17. 17. Normal density Whitening transform: P : eigen vector matrix Λ : diagonal eigen value matrix Aw = PΛ − 1 2 Aw t ΣAw = Λ − 1 2 Pt ΣPΛ − 1 2 = Λ − 1 2 Pt PΛPt PΛ − 1 2 = I Σ=λ1e1e1 ′+λ2e2e2 ′+.......+λkekek ′=PΛ′P
  18. 18. Normal density To make a minimum error rate classification (zero-one loss), we use discriminant functions: This is the log of the numerator in the Bayes formula. The log posterior probability is proportional to it. Log is used because we are only comparing the gi’s, and log is monotone. When normal density is assumed: We have:
  19. 19. Discriminant function for normal density (1)Σi = σ2 I Linear discriminant function: Note: blue boxes – irrelevant terms.
  20. 20. Discriminant function for normal density The decision surface is where With equal prior, x0 is the middle point between the two means. The decision surface is a hyperplane,perpendicular to the line between the means.
  21. 21. Discriminant function for normal density “Linear machine”: dicision surfaces are hyperplanes.
  22. 22. Discriminant function for normal density With unequal prior probabilities, the decision boundary shifts to the less likely mean.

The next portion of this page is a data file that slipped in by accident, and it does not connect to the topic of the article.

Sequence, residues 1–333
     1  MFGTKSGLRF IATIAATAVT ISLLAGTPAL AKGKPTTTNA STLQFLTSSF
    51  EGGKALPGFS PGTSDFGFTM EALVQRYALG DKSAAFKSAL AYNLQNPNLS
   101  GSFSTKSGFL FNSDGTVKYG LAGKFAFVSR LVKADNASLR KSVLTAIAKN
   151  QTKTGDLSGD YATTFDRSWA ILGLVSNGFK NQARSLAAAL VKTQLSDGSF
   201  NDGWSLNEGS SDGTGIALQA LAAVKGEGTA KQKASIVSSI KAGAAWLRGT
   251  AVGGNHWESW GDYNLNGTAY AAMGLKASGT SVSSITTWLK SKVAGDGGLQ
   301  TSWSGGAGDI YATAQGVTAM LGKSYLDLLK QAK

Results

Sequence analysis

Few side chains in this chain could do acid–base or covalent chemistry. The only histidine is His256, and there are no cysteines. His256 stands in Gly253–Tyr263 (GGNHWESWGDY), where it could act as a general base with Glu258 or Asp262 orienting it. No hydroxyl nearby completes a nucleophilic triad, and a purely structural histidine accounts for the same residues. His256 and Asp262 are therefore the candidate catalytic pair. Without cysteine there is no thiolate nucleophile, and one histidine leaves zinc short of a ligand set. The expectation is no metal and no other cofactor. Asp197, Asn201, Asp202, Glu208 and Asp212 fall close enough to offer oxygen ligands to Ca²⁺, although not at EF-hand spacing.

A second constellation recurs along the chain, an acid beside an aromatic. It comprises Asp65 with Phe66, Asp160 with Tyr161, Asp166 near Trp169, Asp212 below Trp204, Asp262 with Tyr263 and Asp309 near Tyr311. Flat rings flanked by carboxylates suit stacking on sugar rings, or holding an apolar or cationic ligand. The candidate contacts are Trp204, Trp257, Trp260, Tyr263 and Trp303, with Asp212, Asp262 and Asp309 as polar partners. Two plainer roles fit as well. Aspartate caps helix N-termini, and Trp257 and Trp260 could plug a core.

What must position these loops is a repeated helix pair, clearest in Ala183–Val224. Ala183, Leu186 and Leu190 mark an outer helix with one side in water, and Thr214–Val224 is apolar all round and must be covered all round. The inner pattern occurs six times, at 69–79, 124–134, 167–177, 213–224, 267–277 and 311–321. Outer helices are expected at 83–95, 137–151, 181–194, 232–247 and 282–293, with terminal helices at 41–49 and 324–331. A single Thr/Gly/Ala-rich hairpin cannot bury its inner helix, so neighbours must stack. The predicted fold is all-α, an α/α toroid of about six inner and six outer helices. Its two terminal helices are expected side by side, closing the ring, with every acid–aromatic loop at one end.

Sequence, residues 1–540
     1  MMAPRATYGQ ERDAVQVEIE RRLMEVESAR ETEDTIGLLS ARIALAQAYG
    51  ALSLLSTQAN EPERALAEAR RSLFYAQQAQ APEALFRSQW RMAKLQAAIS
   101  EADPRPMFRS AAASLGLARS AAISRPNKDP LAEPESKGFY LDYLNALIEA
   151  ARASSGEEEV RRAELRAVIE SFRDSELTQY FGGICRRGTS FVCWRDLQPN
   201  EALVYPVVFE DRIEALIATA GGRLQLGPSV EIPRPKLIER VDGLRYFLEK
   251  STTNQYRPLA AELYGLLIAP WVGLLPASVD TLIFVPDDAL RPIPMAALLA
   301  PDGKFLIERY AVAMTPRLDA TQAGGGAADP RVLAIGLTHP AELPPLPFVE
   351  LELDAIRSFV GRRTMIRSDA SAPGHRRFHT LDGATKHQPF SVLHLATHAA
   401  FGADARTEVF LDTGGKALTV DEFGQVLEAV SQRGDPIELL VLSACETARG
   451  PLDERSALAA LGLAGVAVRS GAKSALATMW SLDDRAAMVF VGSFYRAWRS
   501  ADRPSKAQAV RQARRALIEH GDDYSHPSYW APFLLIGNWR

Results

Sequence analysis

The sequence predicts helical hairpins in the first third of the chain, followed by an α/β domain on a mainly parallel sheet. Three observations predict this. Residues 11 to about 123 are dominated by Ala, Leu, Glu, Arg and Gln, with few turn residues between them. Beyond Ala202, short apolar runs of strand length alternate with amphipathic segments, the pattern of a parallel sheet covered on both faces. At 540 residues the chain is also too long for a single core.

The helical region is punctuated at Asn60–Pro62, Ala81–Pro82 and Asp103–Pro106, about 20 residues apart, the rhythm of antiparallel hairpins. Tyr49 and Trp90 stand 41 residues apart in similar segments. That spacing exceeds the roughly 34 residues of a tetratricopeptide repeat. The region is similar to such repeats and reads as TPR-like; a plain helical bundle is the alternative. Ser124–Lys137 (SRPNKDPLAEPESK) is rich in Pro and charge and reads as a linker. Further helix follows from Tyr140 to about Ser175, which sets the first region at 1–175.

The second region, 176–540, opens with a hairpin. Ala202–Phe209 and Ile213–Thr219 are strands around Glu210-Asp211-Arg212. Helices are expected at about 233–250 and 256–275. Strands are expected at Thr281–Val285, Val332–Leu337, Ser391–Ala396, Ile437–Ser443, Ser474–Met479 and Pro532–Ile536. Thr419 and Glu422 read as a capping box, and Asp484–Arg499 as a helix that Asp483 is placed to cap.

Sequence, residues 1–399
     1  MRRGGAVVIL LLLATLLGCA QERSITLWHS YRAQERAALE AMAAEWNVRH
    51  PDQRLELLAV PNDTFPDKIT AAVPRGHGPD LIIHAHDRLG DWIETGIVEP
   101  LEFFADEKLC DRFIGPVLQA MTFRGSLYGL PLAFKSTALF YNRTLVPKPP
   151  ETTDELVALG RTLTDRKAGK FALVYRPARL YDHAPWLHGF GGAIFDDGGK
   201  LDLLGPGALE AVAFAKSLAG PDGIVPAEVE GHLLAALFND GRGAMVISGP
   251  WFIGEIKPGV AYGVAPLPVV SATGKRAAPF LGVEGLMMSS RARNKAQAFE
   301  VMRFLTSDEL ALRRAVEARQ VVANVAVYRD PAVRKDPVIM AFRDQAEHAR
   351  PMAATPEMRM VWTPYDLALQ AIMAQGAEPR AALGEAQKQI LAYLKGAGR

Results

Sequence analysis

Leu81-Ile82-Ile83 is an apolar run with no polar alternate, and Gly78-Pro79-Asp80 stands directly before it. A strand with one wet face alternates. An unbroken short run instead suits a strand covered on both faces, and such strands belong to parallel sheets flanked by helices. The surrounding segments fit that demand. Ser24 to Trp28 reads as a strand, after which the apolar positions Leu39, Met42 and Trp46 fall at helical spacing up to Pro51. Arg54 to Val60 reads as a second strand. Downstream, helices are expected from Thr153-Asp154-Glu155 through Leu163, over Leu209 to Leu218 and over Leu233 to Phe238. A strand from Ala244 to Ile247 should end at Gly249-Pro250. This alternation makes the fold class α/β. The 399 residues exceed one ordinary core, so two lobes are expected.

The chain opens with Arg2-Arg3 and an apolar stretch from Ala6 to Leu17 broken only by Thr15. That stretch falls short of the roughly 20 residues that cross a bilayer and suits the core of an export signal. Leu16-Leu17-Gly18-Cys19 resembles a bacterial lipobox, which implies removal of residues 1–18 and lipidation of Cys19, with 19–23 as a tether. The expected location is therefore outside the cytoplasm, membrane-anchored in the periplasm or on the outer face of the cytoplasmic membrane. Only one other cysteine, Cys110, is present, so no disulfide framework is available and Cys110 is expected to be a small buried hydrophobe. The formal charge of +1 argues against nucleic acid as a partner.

23. 23. Discriminant function for normal density (2) Σi = Σ
  24. 24. Discriminant function for normal density Set: The decision boundary is:
  25. 25. Discriminant function for normal density The hyperplane is generally not perpendicular to the line between the means.
  26. 26. Discriminant function for normal density (3) Σi is arbitrary Decision boundary is hyperquadrics (hyperplanes, pairs of hyperplanes, hyperspheres, hyperellipsoids, hyperparaboloids, hyperhyperboloids) gi(x)= xt Wix+wi t x+wi0 Wi =− 1 2 Σi −1 wi =Σi −1 µi wi0 =− 1 2 µi t Σi −1 µi − 1 2 lnΣi +lnP(ωi)
  27. 27. Discriminant function for normal density
  28. 28. Discriminant function for normal density
  29. 29. Discriminant function for normal density Extention to multi-class.
  30. 30. Discriminant function for discrete features Discrete features: x = [x1, x2, …, xd ]t , xi∈{0,1 } pi = P(xi = 1 | ω1) qi = P(xi = 1 | ω2) The likelihood will be:
  31. 31. Discriminant function for discrete features The discriminant function: The likelihood ratio:
  32. 32. g(x) = wi i=1 d ∑ xi + w0 wi = ln pi(1−qi) qi(1− pi) i =1,...,d w0 = ln 1− pi 1−qii=1 d ∑ + ln P(ω1) P(ω2) Discriminant function for discrete features So the decision surface is again a hyperplane.
  33. 33. Optimality Consider a two-class case. Two ways to make a mistake in the classification: Misclassifying an observation from class 2 to class 1; Misclassifying an observation from class 1 to class 2. The feature space is partitioned into two regions by any classifier: R1 and R2
  34. 34. Optimality
  35. 35. Optimality In the multi-class case, there are numerous ways to make mistakes. It is easier to calculate the probability of correct classification. Bayes classifier maximizes P(correct). Any other partitioning will yield higher probability of error. The result is not dependent on the form of the underlying distributions.